County government is the administrative and implementation arm of New York State. Counties deliver state and federal programs locally, and for every state agency, there is a corresponding county agency.
As a result of this relationship, each budget proposal that requires counties to finance a state program has a direct impact on local property taxpayers. NYSAC's testimony addressed this linkage for several proposals in the state budget, including legalizing marijuana, Internet marketplace fairness, community college funding, the bottle bill, and others.
"Many of the decisions made during the state budget process over the past several decades have resulted in a cost shift and increased tax burden from the State onto the counties, and ultimately onto the taxpayers," said NYSAC President Charles H. Nesbitt, Jr. "That trend cannot continue."
NYSAC pointed out that 9 state mandated programs consume more than 90 percent of the county property tax levy. The remainder of state mandated programs and county funded programs must come from a small remainder of the property tax cap in addition to locally generated sales tax, which is an extremely volatile funding stream.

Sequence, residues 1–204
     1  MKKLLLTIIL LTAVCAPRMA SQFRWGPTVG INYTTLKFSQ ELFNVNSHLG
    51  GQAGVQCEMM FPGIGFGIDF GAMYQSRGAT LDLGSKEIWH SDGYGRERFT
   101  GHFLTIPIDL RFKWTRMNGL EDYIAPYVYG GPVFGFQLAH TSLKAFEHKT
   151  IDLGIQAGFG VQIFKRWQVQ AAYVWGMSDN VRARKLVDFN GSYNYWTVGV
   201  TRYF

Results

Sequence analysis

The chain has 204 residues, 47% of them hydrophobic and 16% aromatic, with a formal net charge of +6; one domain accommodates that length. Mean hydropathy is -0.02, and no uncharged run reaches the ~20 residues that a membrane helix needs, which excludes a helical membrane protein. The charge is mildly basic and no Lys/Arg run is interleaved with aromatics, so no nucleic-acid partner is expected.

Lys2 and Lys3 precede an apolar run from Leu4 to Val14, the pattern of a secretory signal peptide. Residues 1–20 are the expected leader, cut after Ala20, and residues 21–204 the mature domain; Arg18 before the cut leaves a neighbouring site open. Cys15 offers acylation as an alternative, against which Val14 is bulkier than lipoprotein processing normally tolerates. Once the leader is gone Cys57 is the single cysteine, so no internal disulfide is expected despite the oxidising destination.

Public policies that help counties lower costs and ensure adequate local revenue are critically important.
"We are on the front lines of serious state public policies-including economic development and the opioid crisis-and we look forward to working in partnership with the state to address these issues locally," said Albany County Executive Daniel McCoy, president of the NYS County Executives Association.
The Governor has called the recent news of a $2.3 billion budget shortfall "as serious as a heart attack." According to NYSAC Executive Director Stephen Acquario's testimony, "If the state is facing a severe revenue shortfall as the Governor indicated last week, then the local governments are also ill, and we must work together during these difficult funding times."
NYSAC's testimony also addressed the importance of the 2020 Census, funding for voting reforms, Internet fairness & conformity, community college funding, early intervention services, Raise the Age implementation, shared services, and several other state policies that directly impact counties.
Counties pledged to partner with state lawmakers on these issues and will continue providing the county perspective as state budget negotiations continue.